All six of the main girls (and the teachers) are excellent characters, any one of which is a great waifu (wow! did you know this is the show where that term originated?!), but I have to give it to Wildcat Tomo. This was my first experience with the appeal of sheer energy... Tomo is not smart, or athletic, or particularly talented in any regard. She's just so... SPIRITED! so GENKI! At first I honestly couldn't understand the point of such a character, but it soon became obvious. She just has so much stuff going for her... I think the jokes with her are the funniest, she's kind without being saccharine, the pairing of her and Yomi is so entertaining... I still shout (at least internally) "It's the final stretch!" whenever I start running. And the way she suffers through it all! Despair-moe, still a highly experimental and innovative form of moe, finds many of its roots here.
11. Welcome to the NHK
24 episodes, 2006
At it's most basic, all real anime is escapism. I'd like to say that it's a bit more complex than that... but we'll get into that later, I guess. We'll just stick with escapism for now. Escapism is pretty simple: you immerse yourself in something fictional for awhile and forget about your actual life. It's usually a pretty negative term. What happens when you forget about your own life to an extreme degree? Welcome to this anime. Welcome to the NHK tells the story of Satou, a hikkikomori (never goes outside) NEET (not in employment, education, or training). He meets a mysterious girl who promises to break him out of these destructive habits. It was based on a manga that was based on a novel. Each adaptation got less depressing but this is still the most depressing anime I've ever seen. The original author struggled with being a hikkikomori even while writing it. Bleak, right?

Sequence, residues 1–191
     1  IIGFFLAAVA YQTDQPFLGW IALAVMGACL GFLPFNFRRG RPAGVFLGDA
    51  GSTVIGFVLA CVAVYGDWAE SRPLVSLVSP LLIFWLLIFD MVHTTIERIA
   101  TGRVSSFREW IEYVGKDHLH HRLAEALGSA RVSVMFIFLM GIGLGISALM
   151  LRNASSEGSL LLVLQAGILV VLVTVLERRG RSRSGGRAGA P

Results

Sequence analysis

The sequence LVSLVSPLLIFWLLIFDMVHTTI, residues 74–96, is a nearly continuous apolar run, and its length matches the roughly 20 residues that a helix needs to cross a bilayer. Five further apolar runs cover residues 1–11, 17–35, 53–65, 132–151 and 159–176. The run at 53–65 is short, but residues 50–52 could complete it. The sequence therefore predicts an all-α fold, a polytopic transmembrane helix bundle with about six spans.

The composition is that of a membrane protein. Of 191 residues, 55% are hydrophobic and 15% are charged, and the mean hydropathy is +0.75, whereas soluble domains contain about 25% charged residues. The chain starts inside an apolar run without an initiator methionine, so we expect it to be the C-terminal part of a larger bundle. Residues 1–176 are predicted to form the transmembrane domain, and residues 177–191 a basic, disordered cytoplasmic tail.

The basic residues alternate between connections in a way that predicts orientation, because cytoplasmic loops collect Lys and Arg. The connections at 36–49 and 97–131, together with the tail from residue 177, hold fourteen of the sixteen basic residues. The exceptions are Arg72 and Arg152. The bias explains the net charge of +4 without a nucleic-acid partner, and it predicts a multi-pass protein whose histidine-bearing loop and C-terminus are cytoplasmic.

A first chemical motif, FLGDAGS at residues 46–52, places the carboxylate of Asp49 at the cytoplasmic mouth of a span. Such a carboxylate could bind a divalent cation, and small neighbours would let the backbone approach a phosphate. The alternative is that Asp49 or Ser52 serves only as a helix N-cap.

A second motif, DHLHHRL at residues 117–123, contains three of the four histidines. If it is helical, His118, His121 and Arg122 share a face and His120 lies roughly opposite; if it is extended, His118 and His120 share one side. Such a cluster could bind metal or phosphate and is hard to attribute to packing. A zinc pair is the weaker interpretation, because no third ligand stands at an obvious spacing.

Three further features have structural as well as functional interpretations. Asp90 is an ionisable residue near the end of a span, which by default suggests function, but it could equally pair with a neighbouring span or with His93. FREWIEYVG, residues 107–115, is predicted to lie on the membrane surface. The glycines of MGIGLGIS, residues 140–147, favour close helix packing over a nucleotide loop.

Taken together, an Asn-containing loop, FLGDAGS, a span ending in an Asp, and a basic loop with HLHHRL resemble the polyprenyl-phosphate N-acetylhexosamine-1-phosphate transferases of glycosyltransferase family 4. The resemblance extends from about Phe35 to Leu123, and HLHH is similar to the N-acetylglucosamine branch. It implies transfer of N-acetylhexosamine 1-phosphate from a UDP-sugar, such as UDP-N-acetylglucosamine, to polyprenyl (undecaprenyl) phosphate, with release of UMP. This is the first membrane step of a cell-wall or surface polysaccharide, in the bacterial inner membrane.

This show affected me more than I'll probably ever realize. Hikkikomori, NEET, otaku, lolicon... these words were introduced and cemented into my vocabulary by this show. Even if before I had some sort of idea of a shut-in, or a pervert, or a loser, these ideas were replaced by memories of this show. Beyond that: so much of my understanding of pandering, of moe, of depression, addiction, retreat, isolation, I still refer to this show, on some levels. Even specific things, like, the scene where Satou is trying to commit suicide, but is convinced to stop by Yamazaki, saying that people like them don't deserve a dramatic death like suicide... that scene still really haunts me.
I think if it wasn't for the fact that I find moe so healing and endearing, this show would be an easy top 5, maybe even top 3. But then, if I didn't find those things so appealing, this show would be a lot less meaningful to me, so I dunno. All I'm trying to say is this is an excellent show. Like Sayonara, Zetsubou Sensei, it takes a look at some of the more ridiculous aspects of modern Japanese culture, but in this case, through the perspective of one being dumped on by those very conventions. The plot has all the arbitrary episodicness of the best realist art house. Satou stumbles from one mistake to the next, always toeing that fine line between comedy and tragedy (well, sometimes shoving the whole foot into the latter half).